MINSK -- The Organization for Security and Cooperation in Europe (OSCE) says it has "serious concerns" over weekend parliamentary elections in Belarus in which not a single opposition candidate won a seat in parliament.
The OSCE said on September 24 that the poll was "not competitive from the start."
"Many democratic rights" were not respected, the group's observers said in a statement
Most opposition parties had pulled their candidates and urged voters to stay away from the polls, the latest in a string of flawed Belarusian elections since President Alyaksandr Lukashenka took power in 1994.
All but one of the 110 seats that were up for grabs were decided by clear majorities for parties loyal to the president or his program, according to RFE/RL's Belarus Service. Three candidates from the nonruling Communist Party of Belarus and one from the Agrarian Party were elected. Both of those parties ran on platforms supporting Lukashenka.
The one other seat will be contested in a second round, as neither candidate secured the necessary 50 percent.
WATCH: Belarus Central Election Commission Chairwoman Lidiya Yermoshina announces the vote was "successful" before she has to turn to a colleague for the turnout figure, which the opposition claims is inflated:
Antonio Milososki, the head of the OSCE's election observation mission, said the lack of neutrality and impartiality during the latest vote "severely undermines public confidence in the process."
"A free election depends on people being free to speak, organize, and run for office," Matteo Mecacci*, who led the short-term OSCE observer mission, told a news conference in Minsk, "and we didn't see that in this campaign."
Belarusian officials cited turnout of 74.3 percent, but the opposition claimed the actual turnout was much lower.
The observers singled out a lack of access or beatings handed out to reporters trying to cover the campaign, imprisonment or "arbitrary administrative actions" targeting opposition candidates, and flaws in the administrative and legal framework for elections, among other problems, hampering the voting.
Matteo Mecacci, who led the short-term OSCE observer mission
Mecacci said that while "there was an increase in the number of candidates put forward by parties...prominent political figures who might have played a role in this contest remain in prison or were otherwise denied registration due to their criminal record or arbitrary administrative actions."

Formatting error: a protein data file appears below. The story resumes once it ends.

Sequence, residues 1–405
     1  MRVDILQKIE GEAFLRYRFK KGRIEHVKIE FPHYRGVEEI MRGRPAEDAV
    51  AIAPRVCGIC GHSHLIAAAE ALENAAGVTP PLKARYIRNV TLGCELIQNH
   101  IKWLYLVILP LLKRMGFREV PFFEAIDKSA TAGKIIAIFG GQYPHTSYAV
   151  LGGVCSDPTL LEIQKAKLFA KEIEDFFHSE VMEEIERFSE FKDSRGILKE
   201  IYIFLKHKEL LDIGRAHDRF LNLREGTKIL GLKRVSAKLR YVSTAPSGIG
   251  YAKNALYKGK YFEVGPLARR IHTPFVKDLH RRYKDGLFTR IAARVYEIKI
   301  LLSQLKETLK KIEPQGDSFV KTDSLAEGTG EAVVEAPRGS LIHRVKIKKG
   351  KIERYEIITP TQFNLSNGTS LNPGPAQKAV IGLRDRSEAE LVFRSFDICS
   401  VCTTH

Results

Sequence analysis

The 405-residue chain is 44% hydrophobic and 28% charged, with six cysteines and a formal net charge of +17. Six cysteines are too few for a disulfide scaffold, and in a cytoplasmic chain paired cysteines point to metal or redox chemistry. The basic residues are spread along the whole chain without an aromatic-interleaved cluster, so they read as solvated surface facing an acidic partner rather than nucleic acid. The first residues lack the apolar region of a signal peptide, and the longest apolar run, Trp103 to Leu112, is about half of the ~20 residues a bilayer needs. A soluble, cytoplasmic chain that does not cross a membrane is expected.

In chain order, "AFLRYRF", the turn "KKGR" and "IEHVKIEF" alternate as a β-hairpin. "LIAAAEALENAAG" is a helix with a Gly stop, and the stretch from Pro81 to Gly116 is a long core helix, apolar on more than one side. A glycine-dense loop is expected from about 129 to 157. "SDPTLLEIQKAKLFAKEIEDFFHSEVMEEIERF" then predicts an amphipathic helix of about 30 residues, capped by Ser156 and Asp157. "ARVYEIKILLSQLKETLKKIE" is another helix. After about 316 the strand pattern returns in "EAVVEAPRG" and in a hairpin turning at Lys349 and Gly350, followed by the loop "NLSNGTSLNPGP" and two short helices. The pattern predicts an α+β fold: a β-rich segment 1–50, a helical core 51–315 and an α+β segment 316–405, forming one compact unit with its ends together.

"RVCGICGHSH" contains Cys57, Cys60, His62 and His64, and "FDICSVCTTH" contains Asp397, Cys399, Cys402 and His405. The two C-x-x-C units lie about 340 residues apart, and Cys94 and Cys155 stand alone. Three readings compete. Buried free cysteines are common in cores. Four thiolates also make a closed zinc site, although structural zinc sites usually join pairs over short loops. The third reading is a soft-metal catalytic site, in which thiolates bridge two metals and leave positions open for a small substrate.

The monitoring team sent by the Russia-led Commonwealth of Independent States (CIS) judged the elections "free, demoncratic, and compliant with national laws."
The United States echoed the OSCE assessment. State Department spokeswoman Victoria Nuland said better respect for democracy and human rights in Belarus, including the release and rehabilitation of all political prisoners, "remains central to improving bilateral relations with the United States."
Lukashenka had called the political opposition "cowards" for withdrawing their candidates and pressing for the boycott.
The vote was the first in Belarus since an election in late 2010 handed Lukashenka a fourth term as head of state and sparked street protests that were brutally crushed by security forces and the courts.
Ahead of the latest vote, state-run television and radio made no mention of the boycott call.
RFE/RL's Belarus Service reported early on September 24 that authorities had rounded up "around 20 young people" and taken them to a police station in central Minsk. All of them reportedly had been taking part in an independent effort to monitor activities at polling stations.
Human rights groups said arrests and detentions of opposition activists marred the run-up to the voting.
Opposition groups were barred from holding street protests or handing out leaflets to support their boycott call.
* CORRECTION: This story was amended to correctly attribute the quote to Mr. Mecacci, rather than his ODIHR colleague.
With additional reporting by Reuters, AP, and AFP